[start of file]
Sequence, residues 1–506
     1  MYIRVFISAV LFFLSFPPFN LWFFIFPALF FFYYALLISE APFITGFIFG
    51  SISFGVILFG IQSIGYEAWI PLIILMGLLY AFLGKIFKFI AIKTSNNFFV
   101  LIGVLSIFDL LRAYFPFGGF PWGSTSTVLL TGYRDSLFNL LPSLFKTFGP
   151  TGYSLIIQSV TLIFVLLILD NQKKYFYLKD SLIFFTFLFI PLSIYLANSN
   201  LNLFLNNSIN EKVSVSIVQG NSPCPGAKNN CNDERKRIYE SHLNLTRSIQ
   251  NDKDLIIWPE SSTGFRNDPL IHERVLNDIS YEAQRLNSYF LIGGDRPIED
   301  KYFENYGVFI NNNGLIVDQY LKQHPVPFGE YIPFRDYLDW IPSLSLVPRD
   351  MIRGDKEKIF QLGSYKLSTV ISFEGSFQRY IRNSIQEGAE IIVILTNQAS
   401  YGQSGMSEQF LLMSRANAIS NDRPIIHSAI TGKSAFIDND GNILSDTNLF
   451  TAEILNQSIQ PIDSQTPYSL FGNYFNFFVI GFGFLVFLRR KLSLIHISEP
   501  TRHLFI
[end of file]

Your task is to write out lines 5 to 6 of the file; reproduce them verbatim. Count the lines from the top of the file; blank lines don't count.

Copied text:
   151  TGYSLIIQSV TLIFVLLILD NQKKYFYLKD SLIFFTFLFI PLSIYLANSN
   201  LNLFLNNSIN EKVSVSIVQG NSPCPGAKNN CNDERKRIYE SHLNLTRSIQ